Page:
Editor’s note: The following write-up was based on a submission by reader and contributor “Jonah Norason” in December 2010. It was summarily edited for clarity, and sparingly for content – I added some dates and a few contributory facts where appropriate. Enjoy it, this is one of my favorites. The pictures accompanying the post are mine.
The phrase “If you build it, they will come” was coined in the classic 1989 film Field of Dreams, and, for the most part, it holds true to form. A mall can be built in the middle of nowhere and succeed; however, sometimes this is not the case. The infamous Dixie Square Mall was successful for a decade before it went to hell. Forest Fair Mall, located in north-suburban Cincinnati, was never that successful. It had a few moments when it was a decent mall, but ultimately it failed again and again.
The era was the late 1980s. Shopping malls, long past the “climate controlled shopping cities” era of the 1960s, were glorified by TV shows and movies. And of course, value malls were built too, for those who wanted to spend less than at the higher-priced “real malls”. LJ Hooker, an Austrailian company, decided to team up with Cincinnati-based Hyper Shoppes Inc., which had created a new hypermarket called bigg’s and was interested in taking it nationwide. Hypermarkets were a relatively new concept at the time, combining supermarkets (grocery, butcher, bakery, etc.) with general merchandise (clothing, electronics, etc.). Their joint venture (Editor’s note: How awesome would it have been if, when they teamed up, they called themselves Hyper Hooker?) was to construct a mall in Cincinnati that was both value and mid-range, featuring bigg’s, Dayton-based Elder Beerman, and Higbee’s, a Cleveland-based department store (you’ve probably seen the flagship in A Christmas Story when Ralphie asks Santa for a Red Ryder BB gun) that was to enter the Cincinnati market.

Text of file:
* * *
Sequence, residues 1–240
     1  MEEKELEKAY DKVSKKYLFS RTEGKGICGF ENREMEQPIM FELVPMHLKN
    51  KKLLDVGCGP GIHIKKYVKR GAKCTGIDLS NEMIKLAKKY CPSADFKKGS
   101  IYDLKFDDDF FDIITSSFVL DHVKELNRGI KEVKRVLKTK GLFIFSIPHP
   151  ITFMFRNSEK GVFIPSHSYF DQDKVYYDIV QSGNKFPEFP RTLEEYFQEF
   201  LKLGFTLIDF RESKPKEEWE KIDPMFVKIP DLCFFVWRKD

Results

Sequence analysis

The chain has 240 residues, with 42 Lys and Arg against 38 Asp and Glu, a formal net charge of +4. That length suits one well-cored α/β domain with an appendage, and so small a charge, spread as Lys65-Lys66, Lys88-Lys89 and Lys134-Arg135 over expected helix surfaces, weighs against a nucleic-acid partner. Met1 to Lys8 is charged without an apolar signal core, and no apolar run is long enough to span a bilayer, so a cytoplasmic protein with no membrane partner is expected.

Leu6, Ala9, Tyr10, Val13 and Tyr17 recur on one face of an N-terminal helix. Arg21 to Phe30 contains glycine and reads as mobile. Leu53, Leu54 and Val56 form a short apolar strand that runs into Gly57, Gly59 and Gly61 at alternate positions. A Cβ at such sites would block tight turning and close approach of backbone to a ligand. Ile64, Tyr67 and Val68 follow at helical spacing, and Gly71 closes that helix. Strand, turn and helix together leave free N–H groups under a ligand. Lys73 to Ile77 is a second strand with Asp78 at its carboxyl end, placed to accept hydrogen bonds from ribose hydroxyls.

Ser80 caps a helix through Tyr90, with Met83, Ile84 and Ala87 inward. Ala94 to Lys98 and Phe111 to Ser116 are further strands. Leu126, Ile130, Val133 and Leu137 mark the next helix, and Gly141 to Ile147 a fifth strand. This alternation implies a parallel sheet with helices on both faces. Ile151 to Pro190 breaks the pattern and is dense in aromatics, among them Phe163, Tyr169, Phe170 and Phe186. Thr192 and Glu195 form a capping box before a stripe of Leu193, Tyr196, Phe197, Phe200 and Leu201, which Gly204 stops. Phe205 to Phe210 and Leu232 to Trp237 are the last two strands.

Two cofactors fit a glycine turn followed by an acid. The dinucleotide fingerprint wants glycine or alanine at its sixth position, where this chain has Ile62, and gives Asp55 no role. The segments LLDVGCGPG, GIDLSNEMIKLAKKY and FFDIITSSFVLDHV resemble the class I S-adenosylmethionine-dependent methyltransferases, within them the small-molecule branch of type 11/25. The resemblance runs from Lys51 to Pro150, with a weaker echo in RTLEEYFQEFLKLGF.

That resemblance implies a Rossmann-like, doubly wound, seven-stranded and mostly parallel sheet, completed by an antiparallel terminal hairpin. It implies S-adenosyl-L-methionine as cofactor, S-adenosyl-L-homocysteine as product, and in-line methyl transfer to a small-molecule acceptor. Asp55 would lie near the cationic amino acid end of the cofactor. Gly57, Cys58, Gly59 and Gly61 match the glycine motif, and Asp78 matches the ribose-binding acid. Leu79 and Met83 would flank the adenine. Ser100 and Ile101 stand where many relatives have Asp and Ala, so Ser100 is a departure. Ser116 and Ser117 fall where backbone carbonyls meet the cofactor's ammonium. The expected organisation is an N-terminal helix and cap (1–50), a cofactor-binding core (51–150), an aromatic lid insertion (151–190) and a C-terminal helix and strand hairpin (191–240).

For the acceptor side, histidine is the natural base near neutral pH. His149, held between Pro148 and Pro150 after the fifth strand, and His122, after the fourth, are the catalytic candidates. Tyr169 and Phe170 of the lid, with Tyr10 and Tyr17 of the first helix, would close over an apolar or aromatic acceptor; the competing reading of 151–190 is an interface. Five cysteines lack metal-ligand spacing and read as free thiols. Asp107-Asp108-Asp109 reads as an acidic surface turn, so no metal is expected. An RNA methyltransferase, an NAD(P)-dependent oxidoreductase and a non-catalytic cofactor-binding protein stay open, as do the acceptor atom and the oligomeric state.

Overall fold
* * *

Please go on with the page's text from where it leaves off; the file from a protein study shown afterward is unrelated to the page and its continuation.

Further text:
But somehow, along the way, enough just wasn’t enough. During Forest Fair’s planning process, the CEO of LJ Hooker, George Herscu, decided to add upscale tenants Bonwit Teller, Sakowitz, B. Altman and Parisian to the mall, creating a “supermall” template that would feature a larger mixture of tenants, and run the gamut from value-oriented to upscale. Herscu hoped malls like these would be built across the nation. However, there was a snag: the aforementioned upscale department stores Herscu planned didn’t want to locate in Forest Fair Mall, a blue-collar suburb of Cincinnati. In response, Herscu’s solution was to buy controlling shares of them, integrating them into LJ Hooker and forcing them to locate there. Might makes right, but what results can you expect when you force the market?
Bonwit Teller was a posh New York department store with its flagship store in Trump Tower (the original flagship was demolished). B. Altman was was an old fashioned, established department store, also based in New York on 5th Avenue. Altman’s had a “reputation for gentility and conservatism“. Sakowitz was never even in that area of the United States, as it was based in Houston and had locations from Houston to Phoenix. Unlike B. Altman and Bonwit Teller, it never preferred malls. Parisian was a Birmingham-based store that had other locations in Ohio, but mostly was located in the south. Higbee’s did not show up, as it was bought by Dillard’s and pulled out of the project entirely.